Publicly traded family businesses in Europe do business with a longer-term perspective and more successfully than companies that are not family businesses – and the greater the influence of the founding family, the better their performance. This is the conclusion reached by the study “Listed family firms in Europe” commissioned by the Foundation for Family Businesses and authored by an international research team directed by Marc Steffen Rapp, Professor at the Marburg Center for Institutional Economics of the Philipps-Universität Marburg.
During the period under review, listed family businesses showed greater growth in employment. They also charted comparatively higher value creation per capita and were more profitable than firms that are not family businesses, as measured by the key indicators “return on assets” and “return on equity”. From the perspective of the capital market, it is also interesting that when it comes to total return (capital gains plus dividend yield), family businesses do considerably better at an average 7.0 percent than non-family businesses with 5.6 percent.
“Family companies focus on a long-term, solid approach when doing business. They think in generations, not quarters. This makes them a counter-model to large corporations with widely spread shareholdings, which are frequently concerned most of all with meeting investors’ short-term expectations”, notes Professor Rainer Kirchdörfer, Executive Board member of the Foundation for Family Businesses.
Dr Simone Bagel-Trah, Chairwoman of the Supervisory Board and the Shareholders' Committee of Henkel, explains the comparatively good performance of listed family firms this way: “A significant driver in economic success is entrepreneurial spirit, which is often deeply rooted in family companies in particular. In this context, listed family companies can bring together the best of two worlds – increased transparency and comparability with competitors combined with a long-term perspective and a corporate culture characterised by family values. As an anchor shareholder, a family has a special interest in the company being successful over the long term and staying competitive.”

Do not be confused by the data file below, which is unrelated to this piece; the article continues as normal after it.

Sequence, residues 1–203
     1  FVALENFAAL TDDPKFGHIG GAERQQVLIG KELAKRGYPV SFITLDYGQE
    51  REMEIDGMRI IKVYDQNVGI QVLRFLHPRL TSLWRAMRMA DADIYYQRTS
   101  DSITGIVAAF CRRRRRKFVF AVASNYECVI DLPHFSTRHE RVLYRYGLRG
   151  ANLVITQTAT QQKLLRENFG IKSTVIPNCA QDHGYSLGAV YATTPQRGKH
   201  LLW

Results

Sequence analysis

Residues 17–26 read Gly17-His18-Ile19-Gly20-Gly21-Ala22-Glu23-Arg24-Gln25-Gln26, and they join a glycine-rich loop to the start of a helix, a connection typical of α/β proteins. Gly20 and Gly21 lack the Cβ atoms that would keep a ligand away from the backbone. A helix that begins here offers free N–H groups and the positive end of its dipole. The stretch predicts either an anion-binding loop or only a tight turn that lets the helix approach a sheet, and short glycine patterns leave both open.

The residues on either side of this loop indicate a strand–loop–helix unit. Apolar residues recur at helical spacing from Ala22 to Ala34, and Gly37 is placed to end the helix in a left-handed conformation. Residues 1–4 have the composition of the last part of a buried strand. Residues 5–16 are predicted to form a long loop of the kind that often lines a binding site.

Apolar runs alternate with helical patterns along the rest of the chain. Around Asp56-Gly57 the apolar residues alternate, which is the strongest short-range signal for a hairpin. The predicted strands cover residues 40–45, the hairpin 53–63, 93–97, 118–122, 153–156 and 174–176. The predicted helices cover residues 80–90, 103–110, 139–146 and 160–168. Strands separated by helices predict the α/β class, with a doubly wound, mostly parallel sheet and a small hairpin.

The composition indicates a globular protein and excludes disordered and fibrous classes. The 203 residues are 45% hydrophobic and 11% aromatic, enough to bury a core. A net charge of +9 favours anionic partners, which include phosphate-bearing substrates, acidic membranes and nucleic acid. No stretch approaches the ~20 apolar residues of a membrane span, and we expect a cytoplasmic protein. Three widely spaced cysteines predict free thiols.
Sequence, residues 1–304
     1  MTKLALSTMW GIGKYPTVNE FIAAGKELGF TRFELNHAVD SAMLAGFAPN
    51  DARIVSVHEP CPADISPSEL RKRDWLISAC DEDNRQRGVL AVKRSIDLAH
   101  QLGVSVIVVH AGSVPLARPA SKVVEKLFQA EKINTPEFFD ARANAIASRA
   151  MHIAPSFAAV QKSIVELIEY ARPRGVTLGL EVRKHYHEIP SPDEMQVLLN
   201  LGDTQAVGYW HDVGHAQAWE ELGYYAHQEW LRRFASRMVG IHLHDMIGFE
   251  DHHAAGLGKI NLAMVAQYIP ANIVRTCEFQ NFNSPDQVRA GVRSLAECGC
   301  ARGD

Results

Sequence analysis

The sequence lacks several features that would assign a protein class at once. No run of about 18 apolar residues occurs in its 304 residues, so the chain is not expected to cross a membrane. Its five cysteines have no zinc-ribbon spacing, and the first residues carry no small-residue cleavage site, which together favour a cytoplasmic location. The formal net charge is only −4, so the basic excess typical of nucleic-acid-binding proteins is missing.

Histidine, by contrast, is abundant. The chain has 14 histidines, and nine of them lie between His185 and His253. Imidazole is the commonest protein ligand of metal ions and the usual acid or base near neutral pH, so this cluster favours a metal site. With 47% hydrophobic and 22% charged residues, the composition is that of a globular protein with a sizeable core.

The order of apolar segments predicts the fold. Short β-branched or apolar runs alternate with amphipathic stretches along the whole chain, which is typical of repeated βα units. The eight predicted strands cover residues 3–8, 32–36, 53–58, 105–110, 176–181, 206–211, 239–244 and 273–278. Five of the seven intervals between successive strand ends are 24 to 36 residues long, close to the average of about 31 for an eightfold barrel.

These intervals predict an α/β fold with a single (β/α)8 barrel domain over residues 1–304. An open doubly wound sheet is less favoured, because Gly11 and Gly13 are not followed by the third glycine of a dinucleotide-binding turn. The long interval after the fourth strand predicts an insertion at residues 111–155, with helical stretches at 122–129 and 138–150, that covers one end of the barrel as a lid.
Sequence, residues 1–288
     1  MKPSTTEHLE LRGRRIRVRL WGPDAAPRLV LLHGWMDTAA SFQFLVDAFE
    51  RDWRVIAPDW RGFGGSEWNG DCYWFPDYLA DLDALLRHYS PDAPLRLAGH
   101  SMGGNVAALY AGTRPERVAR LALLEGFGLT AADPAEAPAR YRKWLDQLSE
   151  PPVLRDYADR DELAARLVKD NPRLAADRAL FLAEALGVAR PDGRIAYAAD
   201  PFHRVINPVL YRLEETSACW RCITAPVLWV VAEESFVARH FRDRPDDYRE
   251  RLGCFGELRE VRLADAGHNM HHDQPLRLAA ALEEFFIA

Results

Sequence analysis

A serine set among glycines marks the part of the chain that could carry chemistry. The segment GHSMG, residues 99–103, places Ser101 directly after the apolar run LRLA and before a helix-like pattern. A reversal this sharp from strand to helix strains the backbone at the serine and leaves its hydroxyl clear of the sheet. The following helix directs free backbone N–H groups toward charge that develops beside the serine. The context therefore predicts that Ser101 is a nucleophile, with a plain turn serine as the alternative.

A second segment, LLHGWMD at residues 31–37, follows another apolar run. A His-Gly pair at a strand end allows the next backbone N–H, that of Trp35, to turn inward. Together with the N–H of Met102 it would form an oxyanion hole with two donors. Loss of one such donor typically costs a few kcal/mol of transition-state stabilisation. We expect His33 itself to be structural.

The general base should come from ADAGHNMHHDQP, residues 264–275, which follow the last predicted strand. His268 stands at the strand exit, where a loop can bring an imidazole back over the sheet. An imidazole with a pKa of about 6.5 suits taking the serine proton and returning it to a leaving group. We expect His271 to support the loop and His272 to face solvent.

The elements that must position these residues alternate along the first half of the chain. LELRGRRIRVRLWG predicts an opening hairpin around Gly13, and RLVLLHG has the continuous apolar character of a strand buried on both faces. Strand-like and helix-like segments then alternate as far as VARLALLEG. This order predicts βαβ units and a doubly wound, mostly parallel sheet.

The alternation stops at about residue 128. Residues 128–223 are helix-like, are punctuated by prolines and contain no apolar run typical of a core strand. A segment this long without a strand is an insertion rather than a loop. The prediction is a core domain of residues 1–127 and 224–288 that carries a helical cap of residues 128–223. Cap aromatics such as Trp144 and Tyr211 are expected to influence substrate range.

At 32 percent of all surveyed companies, listed family businesses make up a substantial part of the capital market. They even amount to more than 40 percent of companies in France, Germany, Greece, Italy and Portugal. By contrast, Finland, Ireland, the Netherlands and Great Britain have comparatively few family firms among their publicly traded companies.
Among family firms, those companies rate especially positively whose family founders continue to exert a crucial influence on the business. They make up more than 60 percent of listed family firms, and 20 percent of all the listed companies in the countries examined. These founding family businesses grow more quickly in terms of revenue and employment. They are more profitable than other companies, generating an average annual overall return of 7.6 percent, whereas family firms in which the founders are not involved reach 6.3 percent.
For the study, the researchers looked at listed firms in the real economy from 17 European countries (15 EU members plus Norway and Switzerland) during the period 2007 to 2020. Their sample comprised a total of 6,702 companies and included 53,484 individual yearly results. It is thus the largest study of its kind.
The non-profit Foundation for Family Businesses is the most important promoter of academic research in this field and first port of call for politicians and the media in matters related to economic policy, legislation and taxation. Founded in 2002, the foundation is now supported by more than 500 companies that rank among the largest family businesses in Germany.
Perfomance of listed family firms remarkably strong
One third of all listed firms are family firms